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Tuesday, November 2, 2010

A Date for Golf at Paul Tomița Course

Dan Ratliff and I made a date this Sunday for golf on 8 November, The 2nd Anniversary of my First Romanian Round. And look what appears in my Yahoo Mail Inbox:
Monday 1 Nov 2010:

"Anonymous has left a new comment on your post "Paul Tomiţa Golf Club in May":

Was taught by Paul Tomița to play golf and knew him well before he died as I served at the American Embassy in Bucharest. Email me at Woul love to discuss what is happening with his golf course."
I replied:

I am delighted by your comment on my blog.  Please reply with your name and contact information, and we can keep in touch.
Just yesterday I made a golf date for 8 November, 2010, a week from today, and exactly two years after I first played at the Paul Tomiţa Golf Course in Pianu de Jos, Alba.

We are only a twosome, so if you are in Romania, you certainly would be welcome to join us (two aging American professors).

Best regards,

Tuesday, 2 Nov 2010:
RE: Paul Tomiţa Golf Course
Bill Crawford

5 Files  View Slideshow (See below) 


I am very pleased by your reply.  My Father was the American Ambassador to Romania (1961-1965) and I was a teenager who learned golf from Paul (Tomița).  I then returned to Romania as Commercial Attache (1994-1998) when I continued my relationship with Paul until his death in 2004.  He was like a Father to me and I used to call him every month to catch up with him.  He was a wonderful man who I loved very much.

I am attaching a few pictures of Paul including one with King Michael whom he taught how to play golf.  The first picture, was taken when I visited him in 2004 for two weeks.  He died very soon after this picture was taken.  He built several golf courses before the war and then was the Professional Golf teacher at the diplomatic golf course in Bucharest before he retired in 1975.  Would love to share news about Paul and I am glad to hear that his golf course is being used and being kept up... at least I hipe it is.  I know that he would be smiling in Heaven knowing that persons, especially young are learning golf and playing on his course.  He truly lived for golf and loved teaching it and was always very sad that more Romanians had not learned the game.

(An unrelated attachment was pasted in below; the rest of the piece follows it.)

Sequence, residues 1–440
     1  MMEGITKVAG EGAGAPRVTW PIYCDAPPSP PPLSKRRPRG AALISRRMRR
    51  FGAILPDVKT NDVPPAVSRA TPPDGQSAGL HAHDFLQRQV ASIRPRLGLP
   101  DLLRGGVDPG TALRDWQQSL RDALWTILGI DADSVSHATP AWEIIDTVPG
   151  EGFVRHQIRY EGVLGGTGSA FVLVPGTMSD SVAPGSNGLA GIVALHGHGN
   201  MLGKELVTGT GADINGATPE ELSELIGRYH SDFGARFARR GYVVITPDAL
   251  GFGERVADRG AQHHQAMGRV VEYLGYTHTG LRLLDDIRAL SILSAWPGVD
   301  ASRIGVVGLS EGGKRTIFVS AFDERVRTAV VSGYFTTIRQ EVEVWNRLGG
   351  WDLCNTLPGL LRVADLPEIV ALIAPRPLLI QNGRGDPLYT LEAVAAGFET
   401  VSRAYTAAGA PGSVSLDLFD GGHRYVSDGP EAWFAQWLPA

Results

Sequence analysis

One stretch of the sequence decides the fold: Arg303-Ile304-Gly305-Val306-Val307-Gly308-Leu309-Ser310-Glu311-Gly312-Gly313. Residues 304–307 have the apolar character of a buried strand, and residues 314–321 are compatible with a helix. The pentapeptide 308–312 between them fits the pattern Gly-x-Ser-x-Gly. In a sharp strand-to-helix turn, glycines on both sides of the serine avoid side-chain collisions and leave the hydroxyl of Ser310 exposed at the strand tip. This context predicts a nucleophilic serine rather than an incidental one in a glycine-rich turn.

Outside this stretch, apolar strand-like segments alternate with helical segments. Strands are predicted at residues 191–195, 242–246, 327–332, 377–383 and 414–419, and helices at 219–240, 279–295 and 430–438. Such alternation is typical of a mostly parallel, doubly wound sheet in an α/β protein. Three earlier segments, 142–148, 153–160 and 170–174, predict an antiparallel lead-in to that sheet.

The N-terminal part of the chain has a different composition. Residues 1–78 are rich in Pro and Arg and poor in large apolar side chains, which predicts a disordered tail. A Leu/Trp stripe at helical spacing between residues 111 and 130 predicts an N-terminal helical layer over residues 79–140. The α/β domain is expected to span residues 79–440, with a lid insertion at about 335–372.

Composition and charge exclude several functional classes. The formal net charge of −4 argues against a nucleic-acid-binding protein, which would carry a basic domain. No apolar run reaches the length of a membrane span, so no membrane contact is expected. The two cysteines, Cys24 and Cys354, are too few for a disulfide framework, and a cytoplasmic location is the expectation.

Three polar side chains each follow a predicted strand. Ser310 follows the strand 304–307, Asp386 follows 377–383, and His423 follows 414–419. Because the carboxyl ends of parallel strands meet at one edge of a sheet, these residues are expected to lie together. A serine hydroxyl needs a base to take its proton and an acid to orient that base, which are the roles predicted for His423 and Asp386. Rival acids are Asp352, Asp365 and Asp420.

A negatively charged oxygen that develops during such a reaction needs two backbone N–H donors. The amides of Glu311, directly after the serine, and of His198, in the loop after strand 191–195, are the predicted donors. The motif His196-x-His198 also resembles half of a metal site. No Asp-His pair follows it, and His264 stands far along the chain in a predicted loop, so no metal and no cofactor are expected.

All the best.  I am currently in Paris, but my wife will be in Timisoara from November 3-10

I am also attaching an article/obituary I wrote for the Washington Post upon his death.  Also there is another article about Paul.
Bill Crawford
Paris France
Paul Tomita at 90, in 2004

Paul at an early age

Paul and King Mihai I of Romania
[First attached article]

Romanian Friend of Golf Dies at 90

Paul Tomita died on July 21, 2004 and was buried in Piana de Jos (Transylvania), Romania. Some in the Diplomatic Community in Washington, who have been to Romania may still remember Paul, "Professor de Golf" since he spent much of his life teaching golf to the Diplomatic and Business community from the mid 1930's to 1975 at the Diplomatic Club in Bucharest. After his retirement, he returned to Transylvania to the only place he knew where he could, "Play Golf, Hunt and Fish."

Paul learned golf from a French and then an English golf professional before earning his professional golf status in the United Kingdom and becoming the teacher to both King Carol II and Queen Marie of Romania. He grew up with Carol II's son, Mihai-later to become King Mihai I. They continued to keep in touch with King Mihai recently sending Paul a 90th birthday greeting. He survived, or better yet hoodwinked the Germans during WWII (Getting the Germans to get their tanks off his golf course) and the Communists for 50 years (finding ways to continue teaching golf despite their prejudice against golf). Age never seemed to slow him down and at age 75 with the end of Communism in 1990, he started building a nine hole golf course outside of Alba Julia. And there stands today a testament to his love of golf, the "Paul Tomita Golf Course". Paul loved Golf, he loved playing golf and teaching it and he wanted everyone else to also love the sport. The above picture was taken three weeks ago and those who know him will recognize the pipe in his hands as he loved his pipe almost as much as Golf, Hunting and Fishing. I will miss Paul as he had become my second Father, having taught me golf in the early sixties and later becoming my friend when stationed as Commercial Officer in Bucharest (1994-1998). We continued to correspond often by phone over the years and fortunately we were able to see each other fairly often; the last time was just three weeks ago when he taught me my last lesson of golf. He was a good friend to so many, including my wife and my son who saw him as his Grandfather. We will miss him but God will make sure that he can continue to play golf and smoke his pipe in the company of his wife and his friends.